So it turns out I haven't written in forever! I'll blame it on a combination of summer insanity and writer's block. We had a great summer. Between Young Men and Girl's camp I climbed the highest peak and the tiniest cave in Arizona, hung from a trapeze, earned massive blisters on my big toes, got completely covered in shaving cream, and of course made an awkward appearance in a skit. I sat with the youth around campfires, asking and answering questions, hearing and sharing testimony, discussing the gospel. It was awesome.
Between youth camps I played all over Utah with my family and spent a long weekend in Portland with my wife. Mountains, cabins, jet skis, mountain biking, fishing... fully spoiled. Utah definitely still has a piece of my heart. And Portland with my wife? Bliss. Eccentric neighborhoods, gourmet donuts, trees, waterfalls, the ocean, Astoria, Tillamook, fireworks on the river, and did I mention sans kids?
As summer has settled down, there's been a swelling of attention towards the Book of Mormon in my life. First, we just started studying the book in a new year of seminary. Second, one our advisors kicked off a priest quorum challenge to read it by the end of the year. Then our relief society started their own challenge to read it in 90 days. All together I'm studying in one part for seminary, another with the priests, and another with my kids each night.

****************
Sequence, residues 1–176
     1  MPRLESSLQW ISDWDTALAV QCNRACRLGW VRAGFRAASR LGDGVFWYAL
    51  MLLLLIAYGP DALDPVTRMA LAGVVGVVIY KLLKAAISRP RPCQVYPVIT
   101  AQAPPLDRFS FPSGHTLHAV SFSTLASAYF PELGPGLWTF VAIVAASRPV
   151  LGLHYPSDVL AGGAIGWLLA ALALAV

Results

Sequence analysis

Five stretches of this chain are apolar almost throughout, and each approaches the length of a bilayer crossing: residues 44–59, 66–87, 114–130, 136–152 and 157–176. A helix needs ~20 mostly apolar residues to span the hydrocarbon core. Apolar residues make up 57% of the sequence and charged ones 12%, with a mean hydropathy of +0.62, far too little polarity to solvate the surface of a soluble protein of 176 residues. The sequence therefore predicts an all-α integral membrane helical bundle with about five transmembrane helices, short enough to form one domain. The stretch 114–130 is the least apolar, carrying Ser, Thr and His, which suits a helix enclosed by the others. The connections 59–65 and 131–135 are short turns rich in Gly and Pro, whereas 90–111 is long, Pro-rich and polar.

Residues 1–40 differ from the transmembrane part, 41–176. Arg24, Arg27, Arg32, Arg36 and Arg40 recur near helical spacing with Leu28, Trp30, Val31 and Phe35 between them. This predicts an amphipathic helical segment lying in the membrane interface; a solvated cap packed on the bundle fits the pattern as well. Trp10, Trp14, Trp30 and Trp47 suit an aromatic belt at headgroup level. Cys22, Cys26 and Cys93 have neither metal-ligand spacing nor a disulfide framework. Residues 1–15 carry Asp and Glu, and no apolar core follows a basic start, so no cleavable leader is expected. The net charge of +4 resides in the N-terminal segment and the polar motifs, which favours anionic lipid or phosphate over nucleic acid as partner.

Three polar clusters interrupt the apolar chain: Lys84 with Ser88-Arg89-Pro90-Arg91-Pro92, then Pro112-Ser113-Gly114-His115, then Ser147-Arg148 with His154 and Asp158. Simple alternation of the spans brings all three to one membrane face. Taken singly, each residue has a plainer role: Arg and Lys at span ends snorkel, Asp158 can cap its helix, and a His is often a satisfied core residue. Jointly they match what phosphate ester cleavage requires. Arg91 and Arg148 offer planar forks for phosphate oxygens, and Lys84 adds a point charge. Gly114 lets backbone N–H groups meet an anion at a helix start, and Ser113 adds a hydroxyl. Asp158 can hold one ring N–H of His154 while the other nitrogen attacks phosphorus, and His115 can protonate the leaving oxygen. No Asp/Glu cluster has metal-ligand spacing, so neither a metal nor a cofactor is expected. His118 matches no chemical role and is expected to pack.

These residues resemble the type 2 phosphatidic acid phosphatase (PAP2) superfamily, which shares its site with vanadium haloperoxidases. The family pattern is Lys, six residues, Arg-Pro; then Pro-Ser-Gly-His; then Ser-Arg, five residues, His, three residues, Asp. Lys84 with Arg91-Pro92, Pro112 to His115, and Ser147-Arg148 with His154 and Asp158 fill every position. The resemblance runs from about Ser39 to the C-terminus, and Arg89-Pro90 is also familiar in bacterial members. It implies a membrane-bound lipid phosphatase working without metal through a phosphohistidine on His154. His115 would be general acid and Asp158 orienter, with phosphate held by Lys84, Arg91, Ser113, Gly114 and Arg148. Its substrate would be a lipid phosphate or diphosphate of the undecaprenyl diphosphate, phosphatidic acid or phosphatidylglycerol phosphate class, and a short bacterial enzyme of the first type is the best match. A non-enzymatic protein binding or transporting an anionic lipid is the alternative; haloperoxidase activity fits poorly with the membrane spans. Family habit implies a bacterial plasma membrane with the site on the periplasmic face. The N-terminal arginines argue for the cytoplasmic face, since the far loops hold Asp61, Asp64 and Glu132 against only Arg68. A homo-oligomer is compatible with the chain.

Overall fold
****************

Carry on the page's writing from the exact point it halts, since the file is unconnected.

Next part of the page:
The increased time in the Book of Mormon has me thinking of President Spencer W. Kimball's observation about scripture study:
"I find that when I get casual in my relationships with divinity and when it seems that no divine ear is listening and no divine voice is speaking, that I am far, far away. If I immerse myself in the scriptures the distance narrows and the spirituality returns."
What can I say but that this is true? It's comforting to know that even the Lord's prophet undulates in his "relationships with divinity". It's interesting; I feel strongly that I should study it everyday, but I don't always feel like studying everyday, if you get what I mean. Sometimes I just have to be disciplined. But I'll tell you this. Never, not once, have I finished studying and thought, "Wow. That was a waste of time. I wish I wouldn't have done that." It's like taking a shower. Sometimes you crave it, other times it's a chore. But you know that things get bad if you don't do it every day!
There's something especially profound about the Book of Mormon. When I'm reading it, I simply can't shake the feeling that it is true. I can't answer all the questions or resolve all the concerns people have, and I know that my evidence wouldn't hold up in the lab or in court. But I simply can't shake it. It just feels right and true. (I don't get worked up over physical evidence for or against the Book of Mormon. Maybe one of these days I'll explain why.)
I have a sneaky suspicion that a testimony of the Book of Mormon will become ever more important as we near the conclusion of God's work in the mortal sphere. I'm not sure any Latter-Day Saint can survive the Latter-Day turmoil without consistently studying the Book of Mormon. Why? Because it generates faith in Christ. With faith in Christ, you can conquer anything.